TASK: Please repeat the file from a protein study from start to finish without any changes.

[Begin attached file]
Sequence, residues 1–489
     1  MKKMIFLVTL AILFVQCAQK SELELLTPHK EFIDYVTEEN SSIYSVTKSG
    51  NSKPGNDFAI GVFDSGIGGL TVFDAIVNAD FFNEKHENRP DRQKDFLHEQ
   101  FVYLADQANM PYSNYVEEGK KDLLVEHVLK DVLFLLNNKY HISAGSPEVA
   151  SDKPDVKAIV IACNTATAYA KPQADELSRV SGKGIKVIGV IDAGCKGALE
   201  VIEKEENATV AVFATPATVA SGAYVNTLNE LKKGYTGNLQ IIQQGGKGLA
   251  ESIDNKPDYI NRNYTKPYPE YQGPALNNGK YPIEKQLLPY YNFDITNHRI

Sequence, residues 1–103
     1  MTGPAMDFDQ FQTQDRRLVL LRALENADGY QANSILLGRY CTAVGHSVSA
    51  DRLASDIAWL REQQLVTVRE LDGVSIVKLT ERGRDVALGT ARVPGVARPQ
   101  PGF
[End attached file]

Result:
Sequence, residues 1–489
     1  MKKMIFLVTL AILFVQCAQK SELELLTPHK EFIDYVTEEN SSIYSVTKSG
    51  NSKPGNDFAI GVFDSGIGGL TVFDAIVNAD FFNEKHENRP DRQKDFLHEQ
   101  FVYLADQANM PYSNYVEEGK KDLLVEHVLK DVLFLLNNKY HISAGSPEVA
   151  SDKPDVKAIV IACNTATAYA KPQADELSRV SGKGIKVIGV IDAGCKGALE
   201  VIEKEENATV AVFATPATVA SGAYVNTLNE LKKGYTGNLQ IIQQGGKGLA
   251  ESIDNKPDYI NRNYTKPYPE YQGPALNNGK YPIEKQLLPY YNFDITNHRI

Sequence, residues 1–103
     1  MTGPAMDFDQ FQTQDRRLVL LRALENADGY QANSILLGRY CTAVGHSVSA
    51  DRLASDIAWL REQQLVTVRE LDGVSIVKLT ERGRDVALGT ARVPGVARPQ
   101  PGF